The basic setup to the game is also quite familiar. There are five totally new game boards available from the get-go. They range from haunted Boo-themed environments to something more tropical like Koopa's Seaside Soiree. The new boards aren't just about atmosphere, though. Hudson has gone ahead and expanded the size of them in addition to implementing all-new spaces and interactive elements. On Koopa's Seaside Soiree, for example, you'll be able to buy items to power-up your game. Buy a Mega Mushroom and use it to stomp coins out from your opponents as you pass over them. Or, if you can afford it, buy a Genie to warp you to the star points, which can quickly alter the face of the game. The Seaside Soiree also contains animal interaction with a dolphin to ride upon for shortcuts and a monkey that tosses bananas in your way to randomize your chosen direction. There are a whole slew of events that can happen on the various boards. They help to ease the tediousness of rolling the dice, but it all pales in comparison to the mini-games.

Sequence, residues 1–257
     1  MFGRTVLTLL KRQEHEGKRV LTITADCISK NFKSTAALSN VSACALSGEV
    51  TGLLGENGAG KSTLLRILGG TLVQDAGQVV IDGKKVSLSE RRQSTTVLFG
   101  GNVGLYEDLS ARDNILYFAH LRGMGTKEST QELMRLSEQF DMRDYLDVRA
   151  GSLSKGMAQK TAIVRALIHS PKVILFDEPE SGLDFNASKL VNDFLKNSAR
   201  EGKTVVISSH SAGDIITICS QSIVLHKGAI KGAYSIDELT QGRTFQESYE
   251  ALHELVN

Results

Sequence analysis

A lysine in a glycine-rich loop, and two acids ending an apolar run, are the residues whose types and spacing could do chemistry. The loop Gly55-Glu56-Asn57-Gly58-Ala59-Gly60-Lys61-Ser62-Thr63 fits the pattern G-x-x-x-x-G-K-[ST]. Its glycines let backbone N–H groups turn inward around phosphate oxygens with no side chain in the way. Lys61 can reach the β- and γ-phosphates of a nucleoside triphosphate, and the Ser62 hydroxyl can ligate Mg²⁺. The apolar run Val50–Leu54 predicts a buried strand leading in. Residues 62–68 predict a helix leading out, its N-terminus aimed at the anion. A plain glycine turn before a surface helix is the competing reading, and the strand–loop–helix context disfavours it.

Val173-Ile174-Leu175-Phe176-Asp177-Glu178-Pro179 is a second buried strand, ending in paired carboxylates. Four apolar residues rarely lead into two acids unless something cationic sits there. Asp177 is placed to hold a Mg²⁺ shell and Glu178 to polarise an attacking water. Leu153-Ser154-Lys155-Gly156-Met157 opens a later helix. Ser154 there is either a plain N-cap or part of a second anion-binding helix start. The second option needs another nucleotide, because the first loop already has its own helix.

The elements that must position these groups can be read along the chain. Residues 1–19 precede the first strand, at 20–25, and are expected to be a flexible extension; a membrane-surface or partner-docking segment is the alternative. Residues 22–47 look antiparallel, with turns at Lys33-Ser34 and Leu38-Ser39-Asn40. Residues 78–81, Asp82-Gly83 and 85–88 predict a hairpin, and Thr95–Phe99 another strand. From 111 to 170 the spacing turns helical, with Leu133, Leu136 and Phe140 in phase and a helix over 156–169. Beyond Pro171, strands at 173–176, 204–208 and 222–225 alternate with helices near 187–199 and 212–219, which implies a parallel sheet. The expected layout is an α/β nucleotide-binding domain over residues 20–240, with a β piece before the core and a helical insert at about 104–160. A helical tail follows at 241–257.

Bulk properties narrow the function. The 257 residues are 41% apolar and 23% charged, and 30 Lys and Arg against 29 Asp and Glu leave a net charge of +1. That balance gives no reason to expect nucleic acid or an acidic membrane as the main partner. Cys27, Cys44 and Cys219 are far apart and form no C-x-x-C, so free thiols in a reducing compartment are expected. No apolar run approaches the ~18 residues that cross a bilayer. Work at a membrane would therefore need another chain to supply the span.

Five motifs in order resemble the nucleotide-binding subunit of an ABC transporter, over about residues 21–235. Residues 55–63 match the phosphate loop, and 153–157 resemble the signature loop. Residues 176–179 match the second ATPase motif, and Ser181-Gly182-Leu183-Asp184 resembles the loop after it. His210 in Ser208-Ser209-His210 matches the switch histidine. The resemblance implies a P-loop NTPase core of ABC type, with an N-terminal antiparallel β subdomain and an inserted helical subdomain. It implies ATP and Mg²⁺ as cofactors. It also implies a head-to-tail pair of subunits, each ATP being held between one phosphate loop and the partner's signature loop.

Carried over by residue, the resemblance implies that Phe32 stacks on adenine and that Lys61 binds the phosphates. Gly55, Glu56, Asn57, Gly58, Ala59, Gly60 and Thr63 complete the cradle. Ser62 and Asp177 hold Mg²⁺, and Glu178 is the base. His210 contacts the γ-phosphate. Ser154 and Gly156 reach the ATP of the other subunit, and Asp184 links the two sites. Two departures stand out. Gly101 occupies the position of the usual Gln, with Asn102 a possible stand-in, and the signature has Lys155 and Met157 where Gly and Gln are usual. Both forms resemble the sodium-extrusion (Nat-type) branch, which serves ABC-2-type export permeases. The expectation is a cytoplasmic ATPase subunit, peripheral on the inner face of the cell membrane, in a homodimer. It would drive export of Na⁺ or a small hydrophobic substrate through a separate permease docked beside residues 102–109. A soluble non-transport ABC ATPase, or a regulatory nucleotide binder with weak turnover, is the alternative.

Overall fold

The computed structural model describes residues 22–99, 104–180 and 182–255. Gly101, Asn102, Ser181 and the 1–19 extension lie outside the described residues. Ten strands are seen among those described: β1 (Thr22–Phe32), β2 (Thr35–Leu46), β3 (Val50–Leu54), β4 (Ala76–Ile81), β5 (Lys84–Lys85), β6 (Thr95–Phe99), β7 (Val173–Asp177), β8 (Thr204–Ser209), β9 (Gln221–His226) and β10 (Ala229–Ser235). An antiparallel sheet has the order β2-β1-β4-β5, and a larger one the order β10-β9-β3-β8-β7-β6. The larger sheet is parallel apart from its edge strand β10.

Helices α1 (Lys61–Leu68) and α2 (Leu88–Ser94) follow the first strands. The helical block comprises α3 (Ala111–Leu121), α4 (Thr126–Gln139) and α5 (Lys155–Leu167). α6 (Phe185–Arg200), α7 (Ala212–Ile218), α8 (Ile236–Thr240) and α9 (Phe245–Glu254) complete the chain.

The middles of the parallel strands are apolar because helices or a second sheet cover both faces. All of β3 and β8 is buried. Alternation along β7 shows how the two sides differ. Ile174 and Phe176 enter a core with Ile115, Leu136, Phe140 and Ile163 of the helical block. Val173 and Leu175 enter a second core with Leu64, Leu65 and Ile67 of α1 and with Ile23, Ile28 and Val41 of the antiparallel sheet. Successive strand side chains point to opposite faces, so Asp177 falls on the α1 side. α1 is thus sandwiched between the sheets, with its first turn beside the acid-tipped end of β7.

Like all the Mario Party titles before it, this fourth edition's main appeal is the 50 completely new mini-games. The diverse offerings range from frantically shooting three-pointers to vying for the most surface area by stamping a piece of paper with a color of paint. As always, Hudson and Nintendo know how to put that magical touch into each of the mini-games. Almost all of them are uniquely entertaining. Even the most simplistic mini-game concepts, such as stacking the most dominos (called Domination) by mashing the A-button, can easily send the room into laughing fits as you and your friends wear your thumbs out to garner the top spot. Slamming the button repeatedly is basically all there is to it, but the on-screen element is executed nicely. You and your friends must tune in to watch the results as the dominos tumble one-by-one. As each row comes to a halt, places are decided, and the victor can rightly mock the losers.